Doctors and other medical professionals are looked up to by many people, and most individuals assume that medical professionals never make mistakes. There are many respectable, reliable doctors out there who courageously face challenges on a daily basis with integrity; unfortunately, however, there are also many medical professionals currently practicing who consistently miss the mark when it comes to standard practice in the medical field.

Malpractice Defined

Those professionals who do fall below the given medical standard are considered negligent, and their practice is termed “malpractice”. Medical malpractice takes place when a medical professional commits an act of omission resulting in unnecessary pain, injury, or even death usually due to a medical error. Common forms of malpractice include but are not limited to:

● Misdiagnosis of illness or injury. Many malpractice deaths and injuries occur because of a physician’s failure to correctly diagnose a patient’s illness or condition. For example, a recent malpractice case involving a young girl dealt with a physician’s incorrect diagnosis of Type 2 Diabetes. The child had a far more serious strain of diabetes, known as Type 1 Diabetes. Sadly, she passed away due to a lack of correct treatment.
● Abuse and neglect in senior living centers. Unfortunately, senior abuse is one of the most common types of abuse. There are over 2,000,000 cases of elder abuse each year. Although not all of those cases may qualify for medical malpractice, a large number of seniors continue to be one of the primary victims of medical negligence.
● Errors on the surgical table. This may be one of the more frightening “versions” of medical malpractice. When a patient is on the surgical table he or she has no ability to defend him or herself from the medical malpractice ensuing. Often times, the patient may be under heavy anesthesia. You can imagine the horror of waking up from a surgery far more injured than you were beforehand.
● General negligence by hospital medical staff. Hospital and medical institution staff members are expected to provide an environment that is safe for patients. If anything in a medical environment causes a preventable accident due to staff neglect, one or more staff members (or even the entire institution) may be vulnerable to accusations in court.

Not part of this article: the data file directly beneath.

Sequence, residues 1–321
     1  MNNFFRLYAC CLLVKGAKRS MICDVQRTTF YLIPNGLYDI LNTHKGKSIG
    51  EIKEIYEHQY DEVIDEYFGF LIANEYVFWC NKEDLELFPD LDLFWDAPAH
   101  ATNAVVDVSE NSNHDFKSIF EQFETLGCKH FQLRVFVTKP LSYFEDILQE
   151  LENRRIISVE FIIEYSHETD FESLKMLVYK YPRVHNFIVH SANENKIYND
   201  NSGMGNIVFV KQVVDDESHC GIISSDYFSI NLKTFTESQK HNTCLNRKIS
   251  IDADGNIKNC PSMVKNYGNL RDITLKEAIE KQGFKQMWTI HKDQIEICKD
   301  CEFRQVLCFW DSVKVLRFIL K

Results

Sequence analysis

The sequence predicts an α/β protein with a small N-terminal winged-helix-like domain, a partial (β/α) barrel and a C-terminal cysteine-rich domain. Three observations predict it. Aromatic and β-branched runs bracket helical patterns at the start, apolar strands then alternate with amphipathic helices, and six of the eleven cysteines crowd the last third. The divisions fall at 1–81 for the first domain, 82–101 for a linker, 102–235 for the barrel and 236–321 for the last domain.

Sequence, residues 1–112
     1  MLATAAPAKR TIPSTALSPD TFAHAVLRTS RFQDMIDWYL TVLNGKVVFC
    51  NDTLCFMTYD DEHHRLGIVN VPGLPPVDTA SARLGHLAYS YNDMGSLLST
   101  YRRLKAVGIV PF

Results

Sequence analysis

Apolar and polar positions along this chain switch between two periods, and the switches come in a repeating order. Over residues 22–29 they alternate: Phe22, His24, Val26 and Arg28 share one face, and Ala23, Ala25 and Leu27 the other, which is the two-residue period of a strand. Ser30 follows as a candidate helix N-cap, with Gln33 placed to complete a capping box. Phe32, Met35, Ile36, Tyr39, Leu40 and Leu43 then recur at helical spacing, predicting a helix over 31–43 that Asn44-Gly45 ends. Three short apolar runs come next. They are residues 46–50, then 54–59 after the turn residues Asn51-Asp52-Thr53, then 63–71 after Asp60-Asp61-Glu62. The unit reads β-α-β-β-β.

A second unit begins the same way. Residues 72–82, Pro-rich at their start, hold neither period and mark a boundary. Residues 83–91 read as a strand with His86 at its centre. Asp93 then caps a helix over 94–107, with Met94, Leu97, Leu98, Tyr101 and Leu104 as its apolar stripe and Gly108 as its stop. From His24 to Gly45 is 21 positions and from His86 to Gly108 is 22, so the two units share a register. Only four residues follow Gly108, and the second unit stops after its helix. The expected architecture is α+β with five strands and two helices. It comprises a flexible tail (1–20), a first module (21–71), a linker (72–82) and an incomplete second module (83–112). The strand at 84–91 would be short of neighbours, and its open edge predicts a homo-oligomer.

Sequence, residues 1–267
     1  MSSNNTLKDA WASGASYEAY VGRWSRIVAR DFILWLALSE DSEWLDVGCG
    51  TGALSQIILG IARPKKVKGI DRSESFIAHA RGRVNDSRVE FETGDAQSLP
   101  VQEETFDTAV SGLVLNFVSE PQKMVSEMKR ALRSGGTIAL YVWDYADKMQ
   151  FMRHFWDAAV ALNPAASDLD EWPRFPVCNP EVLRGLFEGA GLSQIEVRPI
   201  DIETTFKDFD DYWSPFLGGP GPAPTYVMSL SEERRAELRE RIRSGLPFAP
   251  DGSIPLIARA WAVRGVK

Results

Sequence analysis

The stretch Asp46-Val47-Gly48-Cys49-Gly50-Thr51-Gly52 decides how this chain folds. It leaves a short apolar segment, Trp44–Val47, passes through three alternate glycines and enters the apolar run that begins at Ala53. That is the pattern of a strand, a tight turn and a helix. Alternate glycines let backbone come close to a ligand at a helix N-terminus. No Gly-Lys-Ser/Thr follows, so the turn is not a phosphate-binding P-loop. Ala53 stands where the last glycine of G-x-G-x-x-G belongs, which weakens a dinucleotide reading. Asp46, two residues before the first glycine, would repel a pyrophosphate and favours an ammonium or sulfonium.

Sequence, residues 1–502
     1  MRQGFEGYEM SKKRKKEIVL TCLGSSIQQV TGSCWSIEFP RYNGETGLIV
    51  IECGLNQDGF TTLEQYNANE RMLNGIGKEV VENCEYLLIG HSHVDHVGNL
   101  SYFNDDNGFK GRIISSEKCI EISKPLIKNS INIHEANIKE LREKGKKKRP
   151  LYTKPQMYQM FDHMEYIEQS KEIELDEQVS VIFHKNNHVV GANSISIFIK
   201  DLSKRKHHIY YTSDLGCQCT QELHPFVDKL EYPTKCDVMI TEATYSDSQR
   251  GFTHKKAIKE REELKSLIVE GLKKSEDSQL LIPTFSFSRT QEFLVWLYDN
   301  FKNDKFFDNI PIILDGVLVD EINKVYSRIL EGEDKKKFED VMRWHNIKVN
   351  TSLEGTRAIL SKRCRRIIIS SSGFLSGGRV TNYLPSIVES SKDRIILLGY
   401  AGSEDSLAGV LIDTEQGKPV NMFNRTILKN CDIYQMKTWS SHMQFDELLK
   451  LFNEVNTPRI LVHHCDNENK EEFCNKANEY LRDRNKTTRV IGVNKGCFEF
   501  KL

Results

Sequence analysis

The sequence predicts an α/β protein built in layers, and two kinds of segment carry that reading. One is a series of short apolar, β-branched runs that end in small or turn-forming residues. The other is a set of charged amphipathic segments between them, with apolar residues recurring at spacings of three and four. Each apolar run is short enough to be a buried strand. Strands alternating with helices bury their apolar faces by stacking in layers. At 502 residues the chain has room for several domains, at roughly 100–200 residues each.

● Erroneous medication prescription/distribution. The average patient is totally dependent on a physician to prescribe a medication and equally dependent on the pharmacy to hand over the correct medicine prescribed. Because most people have little or no knowledge of medical terminology, most do not realize that there is an issue when they are handed the incorrect drug. Unfortunately, they will most likely notice in a matter of hours when the effects of the error come to fruit.
● Errors involving anesthesia. Anesthesia causes extreme changes in the human body, and it is vital that a specialist handle the process with the greatest integrity and care. When anesthesiologists act in a way that is less than professional, unfortunate accidents and injuries may occur.
● Failure to acquire informed consent. Informed consent is defined as the granted permission to continue forward as long as the patient has the knowledge that potential consequences may occur. Potential risks and even potential benefits must be thoroughly discussed with the patient before any kind of procedure or treatment takes place.